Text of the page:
Perhaps one of the reasons we enjoyed ourselves so much is that we didn’t spend any time at all in a city. And that we spent most of our time surrounded by family. So what’s to disappoint?

You CAN Go Back

The last time I'd been in the Marlborough Sounds in the far north of New Zealand's South Island was when I was six! Even though that’s more than half a century ago, I had several very clear memories and wondered how I'd react when we went there for a
family holiday at the end of December. I've always believed you should "never go back"

to avoid disappointment. But to my delight, this part of NZ didn’t disappoint. How could it with such a pristine, clean environment, where everyone seemed to genuinely care about conservation? Where it was so easy to swim with wild dolphins, watch seals sunning themselves on a beach and see Oystercatchers with their chicks?

Saturday, January 31, 2009

Letting it all hang out

I spend a lot of time in my kitchen. I love to cook and equally, I love to gaze through my “window” (no glass, just security bars) at our ancient mango tree which attracts brilliant little birds such as flowerpeckers, sunbirds and tailor birds.
If the super-trim, minimalist kitchens installed in the new homes of my sister, Jillian, and sister-in-law, Ilona, are anything to go by, my 50-year old kitchen is (not surprisingly) hopelessly out of date. I was stunned to use drawers that slide back effortlessly on rollers, and to have loads of bench space. But although Jillian’s kitchen has a small walk-in pantry where everything is arranged on shelves so you can see at a glance what you’ve got, everything else in both kitchens is hidden away. Not in old-fashioned cupboards where you can fling open the door and see several shelves of stuff, but in those whisper-quiet sliding drawers.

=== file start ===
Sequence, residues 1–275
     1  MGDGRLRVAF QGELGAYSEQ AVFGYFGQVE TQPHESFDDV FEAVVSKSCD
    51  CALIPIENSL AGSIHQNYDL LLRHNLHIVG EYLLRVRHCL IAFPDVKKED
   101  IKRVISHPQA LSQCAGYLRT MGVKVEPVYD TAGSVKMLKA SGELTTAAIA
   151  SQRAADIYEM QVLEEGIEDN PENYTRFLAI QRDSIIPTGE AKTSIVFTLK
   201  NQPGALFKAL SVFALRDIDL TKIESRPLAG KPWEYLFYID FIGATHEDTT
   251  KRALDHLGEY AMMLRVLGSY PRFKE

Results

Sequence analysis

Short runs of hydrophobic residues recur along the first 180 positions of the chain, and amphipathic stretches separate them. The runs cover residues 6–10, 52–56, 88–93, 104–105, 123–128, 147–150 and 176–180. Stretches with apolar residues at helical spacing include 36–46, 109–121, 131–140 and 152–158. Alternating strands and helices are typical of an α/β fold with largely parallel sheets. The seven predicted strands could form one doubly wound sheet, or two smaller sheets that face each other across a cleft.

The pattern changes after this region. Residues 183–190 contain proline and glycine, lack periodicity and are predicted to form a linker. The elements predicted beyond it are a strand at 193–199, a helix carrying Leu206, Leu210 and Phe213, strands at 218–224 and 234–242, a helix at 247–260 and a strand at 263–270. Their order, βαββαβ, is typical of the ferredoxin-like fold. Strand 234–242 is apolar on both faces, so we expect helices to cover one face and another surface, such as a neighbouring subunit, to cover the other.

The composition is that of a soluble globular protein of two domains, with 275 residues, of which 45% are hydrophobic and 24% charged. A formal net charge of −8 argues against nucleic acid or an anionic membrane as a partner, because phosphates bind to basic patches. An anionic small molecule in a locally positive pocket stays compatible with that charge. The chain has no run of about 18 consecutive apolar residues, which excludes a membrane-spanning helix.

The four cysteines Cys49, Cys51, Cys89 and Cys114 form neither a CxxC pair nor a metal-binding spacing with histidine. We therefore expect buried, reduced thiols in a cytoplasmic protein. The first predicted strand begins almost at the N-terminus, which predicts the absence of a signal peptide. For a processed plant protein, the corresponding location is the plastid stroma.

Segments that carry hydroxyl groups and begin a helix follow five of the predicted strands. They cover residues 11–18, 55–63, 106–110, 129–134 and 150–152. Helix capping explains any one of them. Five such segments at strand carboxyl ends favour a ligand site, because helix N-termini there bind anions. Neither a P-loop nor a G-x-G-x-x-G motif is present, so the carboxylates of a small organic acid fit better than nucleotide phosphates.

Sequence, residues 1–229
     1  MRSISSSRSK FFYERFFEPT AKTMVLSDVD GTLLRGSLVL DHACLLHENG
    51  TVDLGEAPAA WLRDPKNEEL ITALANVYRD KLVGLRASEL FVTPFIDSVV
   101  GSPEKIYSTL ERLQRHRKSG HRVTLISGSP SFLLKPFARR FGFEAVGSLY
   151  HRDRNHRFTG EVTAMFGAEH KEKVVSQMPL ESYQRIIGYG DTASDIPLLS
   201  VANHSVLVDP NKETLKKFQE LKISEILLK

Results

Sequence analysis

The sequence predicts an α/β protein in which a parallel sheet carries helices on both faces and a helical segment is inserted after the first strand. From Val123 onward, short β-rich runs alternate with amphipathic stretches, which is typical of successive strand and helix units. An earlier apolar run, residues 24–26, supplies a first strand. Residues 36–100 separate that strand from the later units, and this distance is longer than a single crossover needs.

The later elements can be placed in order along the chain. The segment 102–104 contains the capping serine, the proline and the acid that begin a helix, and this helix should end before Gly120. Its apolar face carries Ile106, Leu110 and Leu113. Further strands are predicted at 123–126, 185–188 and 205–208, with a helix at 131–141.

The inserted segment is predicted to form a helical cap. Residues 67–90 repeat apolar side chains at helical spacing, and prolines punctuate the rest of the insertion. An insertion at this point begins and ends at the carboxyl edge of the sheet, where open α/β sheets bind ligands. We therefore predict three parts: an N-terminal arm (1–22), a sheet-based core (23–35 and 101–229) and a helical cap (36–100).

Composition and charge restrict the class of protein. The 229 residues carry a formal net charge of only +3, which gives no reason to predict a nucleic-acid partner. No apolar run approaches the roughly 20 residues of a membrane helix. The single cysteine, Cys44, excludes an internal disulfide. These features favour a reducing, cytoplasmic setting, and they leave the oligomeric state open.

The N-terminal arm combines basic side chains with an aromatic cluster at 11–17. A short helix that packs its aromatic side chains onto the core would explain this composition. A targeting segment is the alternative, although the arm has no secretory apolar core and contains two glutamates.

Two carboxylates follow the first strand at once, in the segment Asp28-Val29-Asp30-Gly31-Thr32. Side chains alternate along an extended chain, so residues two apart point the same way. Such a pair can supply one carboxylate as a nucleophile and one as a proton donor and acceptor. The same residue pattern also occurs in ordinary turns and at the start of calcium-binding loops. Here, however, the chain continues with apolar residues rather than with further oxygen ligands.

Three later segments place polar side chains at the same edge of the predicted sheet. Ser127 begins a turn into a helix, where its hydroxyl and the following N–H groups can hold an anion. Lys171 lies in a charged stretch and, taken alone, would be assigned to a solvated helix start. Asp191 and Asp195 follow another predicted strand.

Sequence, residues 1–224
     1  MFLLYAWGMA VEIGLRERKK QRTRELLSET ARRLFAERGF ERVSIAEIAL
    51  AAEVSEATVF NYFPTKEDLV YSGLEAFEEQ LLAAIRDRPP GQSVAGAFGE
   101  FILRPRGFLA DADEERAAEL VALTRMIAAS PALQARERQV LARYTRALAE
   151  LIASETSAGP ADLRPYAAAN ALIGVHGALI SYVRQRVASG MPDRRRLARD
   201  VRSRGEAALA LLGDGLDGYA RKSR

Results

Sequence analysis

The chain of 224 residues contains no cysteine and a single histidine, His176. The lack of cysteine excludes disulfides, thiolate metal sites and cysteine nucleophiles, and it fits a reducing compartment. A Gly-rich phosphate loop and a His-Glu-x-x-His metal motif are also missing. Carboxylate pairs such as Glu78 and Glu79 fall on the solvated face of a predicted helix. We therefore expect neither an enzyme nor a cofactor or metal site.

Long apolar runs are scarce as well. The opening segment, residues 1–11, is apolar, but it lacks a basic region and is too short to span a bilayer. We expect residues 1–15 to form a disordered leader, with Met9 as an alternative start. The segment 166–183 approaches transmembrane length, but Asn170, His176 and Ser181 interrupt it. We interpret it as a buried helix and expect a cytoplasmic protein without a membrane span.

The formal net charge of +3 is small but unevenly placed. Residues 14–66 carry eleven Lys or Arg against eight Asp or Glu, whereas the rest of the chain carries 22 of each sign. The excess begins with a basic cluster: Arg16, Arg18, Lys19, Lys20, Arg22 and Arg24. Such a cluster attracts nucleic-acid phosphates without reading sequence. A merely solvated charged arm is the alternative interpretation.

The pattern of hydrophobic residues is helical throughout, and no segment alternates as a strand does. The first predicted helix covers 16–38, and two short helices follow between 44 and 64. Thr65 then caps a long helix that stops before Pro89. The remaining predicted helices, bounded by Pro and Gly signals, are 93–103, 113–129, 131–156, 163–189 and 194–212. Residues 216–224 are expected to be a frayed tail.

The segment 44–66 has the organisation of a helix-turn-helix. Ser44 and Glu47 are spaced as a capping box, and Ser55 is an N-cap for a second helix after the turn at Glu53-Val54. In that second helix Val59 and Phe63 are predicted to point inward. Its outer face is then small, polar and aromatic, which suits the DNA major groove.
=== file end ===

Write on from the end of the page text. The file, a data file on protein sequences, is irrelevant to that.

Want a coffee cup? Pull out a drawer. A mixing spoon or a large ceramic platter, a grater or a glass? They’re all in those damn drawers! And as each drawer holds only a fairly small amount (and I could never remember of what), I kept going from one to the other in search of the elusive item.

I have decided that I really appreciate aspects of my tiny old kitchen (apart from its bird-watching opportunities). I enjoy seeing what I want hanging up there, whether it’s my bamboo ginger grater or an antique brass draining spoon with the original owner’s name engraved on the handle.

It gives me great pleasure to see my copper pots hanging on the wall (even if they do need a shine), and it gives me a sense of continuity to be cooking traditional Asian dishes with the various coconut spoons or clay pots that would have been used when my kitchen was new.
As a Timorese friend once remarked, my kitchen is “seperti dapu nenek-ku” (it’s just like my grandmother’s kitchen).

Friday, January 23, 2009

On Holiday with My Family & Other Animals

The Land of the Long White Cloud (aka New Zealand) surprised us during our holiday with three glorious weeks of sunny weather, one of which we spent surrounded by family at lovely Furneaux Lodge in the Marlborough Sounds (at the tip of the South Island).

We took advantage of the sole drizzly day by having poker lessons from the Master (James) and 8 year-old Phoebe proved to be a real whizz! Our week together slipped by with bush walks (I'd forgotten how gorgeous the NZ native forest can be), dips in the freezing sea or under a waterfall for the foolhardy, kayaking, tennis, trying to decide which is the best Kiwi beer and — for Tiffany — hours spent conquering a horrendously difficult jigsaw puzzle.

New Year's Eve marked a special occasion for Mon Capitaine and me: the 25th anniversary of our meeting at the Singapore Yacht Club. Although the evening's celebrations didn't go quite as planned, we decided we each definitely want to "sign up for the next 25 years", as Jean-Francois put it.

I promise that my next posting will be about "other animals" and places rather than solely focussed on my family. But it was so special to be with them again that I want to see them all up here on my blog (Tiff hates being photographed, hence her limited presence here).